Rabbi Yaier Lehrer
Thought for Shabbat
January 27, 2023
When we read from the Torah portion of Bo, we come to the end of the story of the ten plagues and also establish the first ever Jewish calendar which included the observance of the first Pesach/Passover. That calendar became the structure for the Jewish year, structure that exists even today. And when we have lived in areas where we have not been the majority, which is almost everywhere, it has been our job to remember that calendar and make our calendar fit into the lifecycle of the dominant society.
The major rituals and holidays that we engage in function largely to remind us who we are, where we came from and what we stand for. It is very personal. But this week, today in fact, when we look at the secular calendar we are reminded that today is International Holocaust Remembrance Day, a day the world has set aside to remember the horror of the Final Solution. It is the anniversary of the January 27,1945 liberation of Auschwitz.
Our rituals are personal, but so is our history, no matter who tells it. Like Bruce Feiler, the author of the The Secrets of Happy Families wrote, “The single most important thing you can do for your family may be the simplest of all–develop a strong family narrative.“This applies to our people as well.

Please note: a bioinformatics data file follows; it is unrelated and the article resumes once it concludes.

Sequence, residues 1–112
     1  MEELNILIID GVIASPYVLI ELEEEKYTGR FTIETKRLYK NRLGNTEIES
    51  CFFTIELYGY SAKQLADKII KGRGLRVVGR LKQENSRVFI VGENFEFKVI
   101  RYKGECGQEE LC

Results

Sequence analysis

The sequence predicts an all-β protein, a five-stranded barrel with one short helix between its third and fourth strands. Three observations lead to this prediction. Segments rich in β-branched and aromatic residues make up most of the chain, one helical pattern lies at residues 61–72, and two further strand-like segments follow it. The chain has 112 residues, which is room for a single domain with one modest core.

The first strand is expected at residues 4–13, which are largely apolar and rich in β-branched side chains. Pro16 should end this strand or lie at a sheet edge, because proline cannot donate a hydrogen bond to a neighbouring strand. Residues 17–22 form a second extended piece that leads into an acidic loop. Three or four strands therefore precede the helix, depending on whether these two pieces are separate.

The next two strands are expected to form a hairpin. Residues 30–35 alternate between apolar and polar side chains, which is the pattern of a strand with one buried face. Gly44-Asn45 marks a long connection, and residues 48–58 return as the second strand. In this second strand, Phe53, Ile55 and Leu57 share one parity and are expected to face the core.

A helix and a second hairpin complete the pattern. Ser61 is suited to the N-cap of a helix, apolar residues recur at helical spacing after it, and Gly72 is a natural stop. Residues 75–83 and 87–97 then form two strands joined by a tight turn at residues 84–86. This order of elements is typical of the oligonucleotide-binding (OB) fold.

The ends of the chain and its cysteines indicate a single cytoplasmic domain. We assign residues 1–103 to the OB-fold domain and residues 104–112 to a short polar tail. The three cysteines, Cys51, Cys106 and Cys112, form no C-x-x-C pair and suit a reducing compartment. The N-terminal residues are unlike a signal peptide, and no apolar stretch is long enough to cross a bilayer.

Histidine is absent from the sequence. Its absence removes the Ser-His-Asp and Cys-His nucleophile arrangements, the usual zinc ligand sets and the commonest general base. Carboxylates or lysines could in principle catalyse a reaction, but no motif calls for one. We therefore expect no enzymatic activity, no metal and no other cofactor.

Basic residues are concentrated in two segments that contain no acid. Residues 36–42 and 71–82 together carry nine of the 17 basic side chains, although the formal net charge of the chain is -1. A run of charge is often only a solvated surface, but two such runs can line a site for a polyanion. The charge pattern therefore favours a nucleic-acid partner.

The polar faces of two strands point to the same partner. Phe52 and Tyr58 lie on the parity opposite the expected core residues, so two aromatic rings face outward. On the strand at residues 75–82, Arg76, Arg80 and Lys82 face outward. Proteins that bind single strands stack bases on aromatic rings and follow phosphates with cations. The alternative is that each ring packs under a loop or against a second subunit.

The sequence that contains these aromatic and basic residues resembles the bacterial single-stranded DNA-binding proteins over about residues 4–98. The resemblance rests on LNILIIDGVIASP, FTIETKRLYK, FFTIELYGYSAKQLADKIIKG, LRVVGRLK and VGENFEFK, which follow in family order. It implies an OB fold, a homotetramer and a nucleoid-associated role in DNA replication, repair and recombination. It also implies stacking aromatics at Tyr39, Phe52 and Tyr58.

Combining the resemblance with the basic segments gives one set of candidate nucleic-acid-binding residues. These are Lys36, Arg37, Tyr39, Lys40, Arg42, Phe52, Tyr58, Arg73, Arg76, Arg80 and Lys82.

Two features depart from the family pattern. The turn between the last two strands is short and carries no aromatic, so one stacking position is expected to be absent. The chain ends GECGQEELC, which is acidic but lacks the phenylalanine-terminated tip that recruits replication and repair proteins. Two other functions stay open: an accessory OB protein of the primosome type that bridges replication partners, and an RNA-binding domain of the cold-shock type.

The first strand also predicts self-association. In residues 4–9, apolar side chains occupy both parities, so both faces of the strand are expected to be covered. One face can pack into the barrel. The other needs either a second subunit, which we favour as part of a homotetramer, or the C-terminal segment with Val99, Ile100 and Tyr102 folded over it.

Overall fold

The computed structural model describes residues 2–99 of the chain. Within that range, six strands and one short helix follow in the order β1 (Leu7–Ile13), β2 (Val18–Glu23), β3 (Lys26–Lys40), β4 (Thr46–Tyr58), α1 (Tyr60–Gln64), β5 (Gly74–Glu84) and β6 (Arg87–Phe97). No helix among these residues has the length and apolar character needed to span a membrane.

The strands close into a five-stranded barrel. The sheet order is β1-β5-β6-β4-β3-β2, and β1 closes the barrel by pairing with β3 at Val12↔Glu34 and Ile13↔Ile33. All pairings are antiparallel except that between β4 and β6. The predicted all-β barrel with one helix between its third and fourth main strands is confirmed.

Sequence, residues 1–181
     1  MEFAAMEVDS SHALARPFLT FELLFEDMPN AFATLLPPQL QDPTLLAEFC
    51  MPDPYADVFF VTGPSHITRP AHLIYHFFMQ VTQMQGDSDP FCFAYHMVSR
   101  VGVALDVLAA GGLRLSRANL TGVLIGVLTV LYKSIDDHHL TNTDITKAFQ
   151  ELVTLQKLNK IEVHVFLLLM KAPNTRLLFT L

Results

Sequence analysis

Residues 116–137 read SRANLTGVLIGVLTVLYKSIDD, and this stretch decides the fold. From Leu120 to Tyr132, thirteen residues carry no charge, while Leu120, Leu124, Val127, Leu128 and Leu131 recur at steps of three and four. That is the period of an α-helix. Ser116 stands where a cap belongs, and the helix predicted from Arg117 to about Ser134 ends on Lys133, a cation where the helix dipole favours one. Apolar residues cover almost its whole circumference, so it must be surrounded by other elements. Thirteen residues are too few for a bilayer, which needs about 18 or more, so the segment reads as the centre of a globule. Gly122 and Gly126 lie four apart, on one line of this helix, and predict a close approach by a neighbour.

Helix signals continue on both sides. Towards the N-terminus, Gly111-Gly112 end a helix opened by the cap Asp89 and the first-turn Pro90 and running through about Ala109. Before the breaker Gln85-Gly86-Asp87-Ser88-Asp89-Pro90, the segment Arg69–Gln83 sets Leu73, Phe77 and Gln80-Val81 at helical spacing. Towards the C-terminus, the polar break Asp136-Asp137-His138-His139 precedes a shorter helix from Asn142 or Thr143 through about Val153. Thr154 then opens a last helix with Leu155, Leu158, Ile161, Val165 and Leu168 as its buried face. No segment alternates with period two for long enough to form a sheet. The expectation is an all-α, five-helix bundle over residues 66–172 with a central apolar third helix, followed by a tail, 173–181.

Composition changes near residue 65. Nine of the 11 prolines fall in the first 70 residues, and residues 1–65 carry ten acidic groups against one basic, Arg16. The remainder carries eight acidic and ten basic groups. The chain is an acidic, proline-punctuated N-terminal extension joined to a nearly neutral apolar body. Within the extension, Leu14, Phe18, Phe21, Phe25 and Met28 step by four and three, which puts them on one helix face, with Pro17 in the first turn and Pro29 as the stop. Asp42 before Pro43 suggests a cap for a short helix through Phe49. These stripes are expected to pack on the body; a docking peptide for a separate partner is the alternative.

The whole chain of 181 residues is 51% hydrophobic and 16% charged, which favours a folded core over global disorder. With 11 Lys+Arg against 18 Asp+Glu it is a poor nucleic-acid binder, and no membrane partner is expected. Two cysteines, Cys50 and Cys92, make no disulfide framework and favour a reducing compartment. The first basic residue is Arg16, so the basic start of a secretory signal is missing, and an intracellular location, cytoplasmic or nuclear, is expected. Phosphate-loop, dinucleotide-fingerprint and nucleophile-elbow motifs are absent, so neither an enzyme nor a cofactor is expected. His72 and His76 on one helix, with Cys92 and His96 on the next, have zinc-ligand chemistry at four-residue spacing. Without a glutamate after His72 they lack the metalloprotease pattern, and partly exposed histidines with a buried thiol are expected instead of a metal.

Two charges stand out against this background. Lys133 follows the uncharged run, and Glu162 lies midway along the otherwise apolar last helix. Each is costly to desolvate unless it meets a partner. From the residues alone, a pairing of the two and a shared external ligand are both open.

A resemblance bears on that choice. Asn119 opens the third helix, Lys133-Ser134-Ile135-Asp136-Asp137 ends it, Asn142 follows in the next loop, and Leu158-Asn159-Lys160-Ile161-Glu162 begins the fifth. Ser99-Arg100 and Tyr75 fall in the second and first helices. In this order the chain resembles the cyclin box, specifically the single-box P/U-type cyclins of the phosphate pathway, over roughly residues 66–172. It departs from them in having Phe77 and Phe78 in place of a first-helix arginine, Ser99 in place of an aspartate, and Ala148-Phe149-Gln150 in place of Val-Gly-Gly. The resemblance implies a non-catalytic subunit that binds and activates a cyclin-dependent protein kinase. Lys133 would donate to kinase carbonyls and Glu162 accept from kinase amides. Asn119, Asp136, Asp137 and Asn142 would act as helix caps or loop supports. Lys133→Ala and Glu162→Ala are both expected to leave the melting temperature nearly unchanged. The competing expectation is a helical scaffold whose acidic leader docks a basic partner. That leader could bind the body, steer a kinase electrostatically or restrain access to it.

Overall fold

Restaurateur Richard Avery never knew that his mother was a Holocaust survivor until one day as a teenager he brought some friends to his house. And when his mother joined the conversation, she started to tell her story. Richard was shocked. But then he was also proud of his mother when she began regularly sharing her story of survival with the world. Then one day he had a controversial idea. He would tattoo his mother’s tattoo from the camp on his shoulder. And he would tell his mother’s story to his customers. She was honored.
Adat Shalom congregant Debbie Stueber has made it a mission in her life to share the survival story of her parents, Kurt and Edith Leuchter. She travels to schools, libraries, companies and other places to remind anyone who will listen to their witness testimony. She and her parents provide compelling testimony and have educated numerous people about that dark period of history. She has made her family’s story personal for everyone who hears it.
The loss of 6,000,000 Jewish lives is personal to each of us. But as the years have passed since the Holocaust, it is the job of each Jew to make the Holocaust personal for others, as well. We will educate ourselves further and tell the stories of 6,000,000 individuals, each with their own personal story. We will have to put faces, not just numbers, on our history. Each victim and survivor has a story and each one, each name, deserves to be remembered. This is personal for all of us and always will be.
Rabbi Yaier Lehrer
The fact is we can only love what we know personally. E.M. Forster